Macclesfield has been home to many artists over the years, in part due to its proximity to the peak district and the range of subject matter this offers.
However, thus far, despite the recent emergence of Ben Kelly and Helen Clapcott, it has only had one artist with an international reputation. The artist in question was Charles Fredrick Tunnicliffe; an artist born in Langley in 1901 who was to become arguably the greatest painter of British wildlife in our island’s history.
And now some the artist’s most important work has arrived on the market thanks to the tireless efforts of an art dealer from Lymm.
Martin Heaps of Collect Art has spent years amassing the various woodblock and copper etchings plates that have come up at various auctions. Although art dealers are not renowned for philanthropy, chasing down the pieces was down to a determination to keep them together for posterity, rather than to make a profit.
The pieces themselves are not the etchings, but the original blocks from which the etchings were produced. Artists usually destroy these blocks to protect the limited edition nature of the etchings themselves, but for some reason these have survived. These are the most important Macclesfield art works to become available in a generation.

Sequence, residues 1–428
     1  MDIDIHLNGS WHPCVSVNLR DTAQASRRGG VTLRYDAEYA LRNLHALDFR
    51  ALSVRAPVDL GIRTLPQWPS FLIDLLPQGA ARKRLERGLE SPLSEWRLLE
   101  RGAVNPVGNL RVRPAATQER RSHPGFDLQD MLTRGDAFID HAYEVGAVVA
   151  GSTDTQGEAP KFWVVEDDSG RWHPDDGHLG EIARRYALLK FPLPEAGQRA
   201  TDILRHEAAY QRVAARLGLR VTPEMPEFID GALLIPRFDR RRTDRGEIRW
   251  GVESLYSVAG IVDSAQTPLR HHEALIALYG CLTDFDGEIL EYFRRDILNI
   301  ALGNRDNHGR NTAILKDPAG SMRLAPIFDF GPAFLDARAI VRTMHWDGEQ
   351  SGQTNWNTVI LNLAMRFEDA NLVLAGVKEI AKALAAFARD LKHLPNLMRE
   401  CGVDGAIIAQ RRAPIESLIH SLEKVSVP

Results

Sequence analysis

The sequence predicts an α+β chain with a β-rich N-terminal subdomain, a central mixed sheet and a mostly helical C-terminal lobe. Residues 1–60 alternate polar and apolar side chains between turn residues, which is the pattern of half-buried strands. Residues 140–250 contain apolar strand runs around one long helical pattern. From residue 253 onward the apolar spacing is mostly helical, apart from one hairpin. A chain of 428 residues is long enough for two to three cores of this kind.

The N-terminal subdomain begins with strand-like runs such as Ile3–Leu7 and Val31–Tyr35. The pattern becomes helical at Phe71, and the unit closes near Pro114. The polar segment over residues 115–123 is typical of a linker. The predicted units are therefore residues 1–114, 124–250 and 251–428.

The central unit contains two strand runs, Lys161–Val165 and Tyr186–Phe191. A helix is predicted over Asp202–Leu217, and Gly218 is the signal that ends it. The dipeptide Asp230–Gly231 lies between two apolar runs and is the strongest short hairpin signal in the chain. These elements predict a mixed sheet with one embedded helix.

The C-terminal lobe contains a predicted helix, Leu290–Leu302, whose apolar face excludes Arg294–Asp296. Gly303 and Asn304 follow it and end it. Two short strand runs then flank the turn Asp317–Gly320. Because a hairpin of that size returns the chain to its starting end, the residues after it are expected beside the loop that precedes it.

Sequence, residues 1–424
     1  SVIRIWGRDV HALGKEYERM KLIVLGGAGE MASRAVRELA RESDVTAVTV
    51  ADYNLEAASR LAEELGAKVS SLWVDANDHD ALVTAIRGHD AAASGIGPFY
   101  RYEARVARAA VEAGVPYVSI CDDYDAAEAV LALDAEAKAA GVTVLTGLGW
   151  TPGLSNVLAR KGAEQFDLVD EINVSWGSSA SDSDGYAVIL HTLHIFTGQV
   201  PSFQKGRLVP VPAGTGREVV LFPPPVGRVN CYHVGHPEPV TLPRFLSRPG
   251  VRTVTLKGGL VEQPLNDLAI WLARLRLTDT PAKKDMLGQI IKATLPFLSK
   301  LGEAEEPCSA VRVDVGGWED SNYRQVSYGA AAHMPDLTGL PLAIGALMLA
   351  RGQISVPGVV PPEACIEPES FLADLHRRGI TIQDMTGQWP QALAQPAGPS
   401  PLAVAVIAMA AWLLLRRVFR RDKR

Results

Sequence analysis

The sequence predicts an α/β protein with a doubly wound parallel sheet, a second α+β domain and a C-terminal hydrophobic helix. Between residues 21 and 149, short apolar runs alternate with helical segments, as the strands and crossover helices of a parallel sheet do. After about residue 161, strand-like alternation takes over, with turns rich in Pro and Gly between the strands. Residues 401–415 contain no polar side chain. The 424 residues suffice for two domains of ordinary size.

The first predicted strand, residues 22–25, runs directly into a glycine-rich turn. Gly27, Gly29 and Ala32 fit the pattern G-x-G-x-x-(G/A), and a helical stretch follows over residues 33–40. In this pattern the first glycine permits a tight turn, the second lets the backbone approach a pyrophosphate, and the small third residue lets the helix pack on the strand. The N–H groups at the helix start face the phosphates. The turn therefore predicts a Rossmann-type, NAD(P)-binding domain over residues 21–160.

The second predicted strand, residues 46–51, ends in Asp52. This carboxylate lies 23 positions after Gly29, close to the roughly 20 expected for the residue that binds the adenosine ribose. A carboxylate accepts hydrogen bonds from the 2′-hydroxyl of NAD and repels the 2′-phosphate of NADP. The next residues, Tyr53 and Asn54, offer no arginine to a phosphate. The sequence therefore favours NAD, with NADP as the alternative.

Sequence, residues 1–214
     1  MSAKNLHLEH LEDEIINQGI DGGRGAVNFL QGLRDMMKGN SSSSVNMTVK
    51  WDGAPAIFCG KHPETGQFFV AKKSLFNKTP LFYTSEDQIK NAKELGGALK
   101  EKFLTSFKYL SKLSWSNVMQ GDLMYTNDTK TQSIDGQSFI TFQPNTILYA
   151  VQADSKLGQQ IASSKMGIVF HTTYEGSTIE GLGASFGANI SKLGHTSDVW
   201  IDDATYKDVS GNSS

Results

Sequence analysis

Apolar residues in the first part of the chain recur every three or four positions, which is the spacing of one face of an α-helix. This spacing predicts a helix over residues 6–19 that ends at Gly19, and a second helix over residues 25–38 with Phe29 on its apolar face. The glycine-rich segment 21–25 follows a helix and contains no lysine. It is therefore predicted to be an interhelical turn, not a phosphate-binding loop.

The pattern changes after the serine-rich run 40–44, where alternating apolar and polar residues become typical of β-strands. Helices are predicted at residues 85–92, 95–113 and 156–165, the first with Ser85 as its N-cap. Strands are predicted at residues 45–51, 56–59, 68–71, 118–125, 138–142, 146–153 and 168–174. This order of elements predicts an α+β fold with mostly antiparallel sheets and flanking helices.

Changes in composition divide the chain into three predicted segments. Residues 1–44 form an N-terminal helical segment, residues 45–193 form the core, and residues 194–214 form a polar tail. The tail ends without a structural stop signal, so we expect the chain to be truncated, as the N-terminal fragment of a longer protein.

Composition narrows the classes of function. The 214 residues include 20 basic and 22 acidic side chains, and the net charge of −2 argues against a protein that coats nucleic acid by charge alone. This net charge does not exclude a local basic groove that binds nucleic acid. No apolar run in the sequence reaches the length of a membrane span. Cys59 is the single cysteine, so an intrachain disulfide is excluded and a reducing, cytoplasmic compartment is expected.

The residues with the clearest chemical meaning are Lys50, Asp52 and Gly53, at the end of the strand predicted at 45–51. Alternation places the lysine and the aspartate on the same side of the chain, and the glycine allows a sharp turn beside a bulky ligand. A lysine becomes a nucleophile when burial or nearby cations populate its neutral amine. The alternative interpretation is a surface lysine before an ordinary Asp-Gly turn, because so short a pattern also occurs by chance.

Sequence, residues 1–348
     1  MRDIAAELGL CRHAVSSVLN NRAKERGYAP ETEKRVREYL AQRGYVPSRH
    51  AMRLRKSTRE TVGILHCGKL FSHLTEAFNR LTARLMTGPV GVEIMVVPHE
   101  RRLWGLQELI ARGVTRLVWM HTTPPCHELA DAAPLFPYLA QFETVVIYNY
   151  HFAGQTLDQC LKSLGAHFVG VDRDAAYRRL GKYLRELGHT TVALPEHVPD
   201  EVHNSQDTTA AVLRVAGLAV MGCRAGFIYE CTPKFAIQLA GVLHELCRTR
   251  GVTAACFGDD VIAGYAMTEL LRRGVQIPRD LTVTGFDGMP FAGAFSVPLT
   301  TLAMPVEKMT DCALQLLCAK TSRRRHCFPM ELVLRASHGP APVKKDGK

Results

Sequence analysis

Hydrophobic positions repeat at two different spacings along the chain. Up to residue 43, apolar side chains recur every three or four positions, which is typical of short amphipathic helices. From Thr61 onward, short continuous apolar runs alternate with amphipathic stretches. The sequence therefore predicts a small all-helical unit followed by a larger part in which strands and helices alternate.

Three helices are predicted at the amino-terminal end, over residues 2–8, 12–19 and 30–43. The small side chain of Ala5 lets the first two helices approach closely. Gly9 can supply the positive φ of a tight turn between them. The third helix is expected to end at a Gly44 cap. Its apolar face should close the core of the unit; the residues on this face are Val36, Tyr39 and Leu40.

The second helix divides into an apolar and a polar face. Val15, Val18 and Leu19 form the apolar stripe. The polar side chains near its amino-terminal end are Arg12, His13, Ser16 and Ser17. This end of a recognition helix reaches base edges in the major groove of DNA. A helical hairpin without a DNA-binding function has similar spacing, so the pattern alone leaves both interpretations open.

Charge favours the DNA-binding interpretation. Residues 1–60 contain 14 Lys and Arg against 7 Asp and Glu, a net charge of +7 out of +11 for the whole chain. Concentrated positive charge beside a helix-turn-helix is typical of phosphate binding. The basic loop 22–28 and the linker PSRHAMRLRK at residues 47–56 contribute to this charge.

Heaps now wants to sell, but at roughly the price he bought, around £15,000, and would like to sell to a local museum. “These really are museum standard and it would be a massive shame to break up the collection. I’ve had lots of offers for single items, but so far I’ve resisted.” he says.
Though born in Langley, Tunnicliffe spent his early years living on a farm in Sutton. As a young boy he attended Sutton St. James’ C.E. Primary School, studied at the then Macclesfield Art College before winning a scholarship at the Royal College of Art in London where his teachers included Frank Short.
In 1947 he moved to a house called “Shorelands” at Malltraeth, on the estuary of the Afon Cefni on Anglesey, where he lived until his death in 1979.
He was a great artist, but an even greater engraver and he struck fame with his wood and copper engravings for Henry Williamson’s Tarka the Otter in 1932, some of the blocks used for that book are part of the Heaps collection.
At his death, much of his personal collection of work was bequeathed to Anglesey council on the condition that it was housed together and made available for public viewing. This body of work can now be seen at Oriel Ynys Môn (The Anglesey Gallery) near Llangefni.
The Heaps collection is almost as important as that in Anglesey and the dealer plans to approach Cheshire museums to gauge interest. He accepts that public art galleries are now hugely constrained by spending cuts, but believes, rightly, that the collection represents a unique opportunity for Macclesfield to own an important body of work from one of its most famous sons.